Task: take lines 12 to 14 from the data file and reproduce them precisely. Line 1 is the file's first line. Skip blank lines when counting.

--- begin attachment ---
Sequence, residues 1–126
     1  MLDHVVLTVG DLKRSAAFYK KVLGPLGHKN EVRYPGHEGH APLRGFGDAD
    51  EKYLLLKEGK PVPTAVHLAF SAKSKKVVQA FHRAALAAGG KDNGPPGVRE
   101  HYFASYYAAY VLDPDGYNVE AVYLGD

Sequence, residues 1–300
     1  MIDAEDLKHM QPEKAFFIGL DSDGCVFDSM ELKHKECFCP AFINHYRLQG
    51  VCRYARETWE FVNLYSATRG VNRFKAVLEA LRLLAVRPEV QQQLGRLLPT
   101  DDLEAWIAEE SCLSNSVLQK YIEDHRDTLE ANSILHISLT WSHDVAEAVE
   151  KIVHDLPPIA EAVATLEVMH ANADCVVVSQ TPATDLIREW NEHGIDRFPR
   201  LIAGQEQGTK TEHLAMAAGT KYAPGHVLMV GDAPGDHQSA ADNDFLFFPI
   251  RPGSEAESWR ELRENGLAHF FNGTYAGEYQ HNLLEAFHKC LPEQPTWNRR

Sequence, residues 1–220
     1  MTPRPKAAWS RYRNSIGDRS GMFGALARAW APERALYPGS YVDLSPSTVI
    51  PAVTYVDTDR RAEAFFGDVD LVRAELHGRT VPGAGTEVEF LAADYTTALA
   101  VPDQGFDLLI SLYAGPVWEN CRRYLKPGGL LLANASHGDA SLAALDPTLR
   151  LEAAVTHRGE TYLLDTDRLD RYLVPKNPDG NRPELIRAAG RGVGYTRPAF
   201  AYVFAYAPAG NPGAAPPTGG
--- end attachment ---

Sequence, residues 1–220
     1  MTPRPKAAWS RYRNSIGDRS GMFGALARAW APERALYPGS YVDLSPSTVI
    51  PAVTYVDTDR RAEAFFGDVD LVRAELHGRT VPGAGTEVEF LAADYTTALA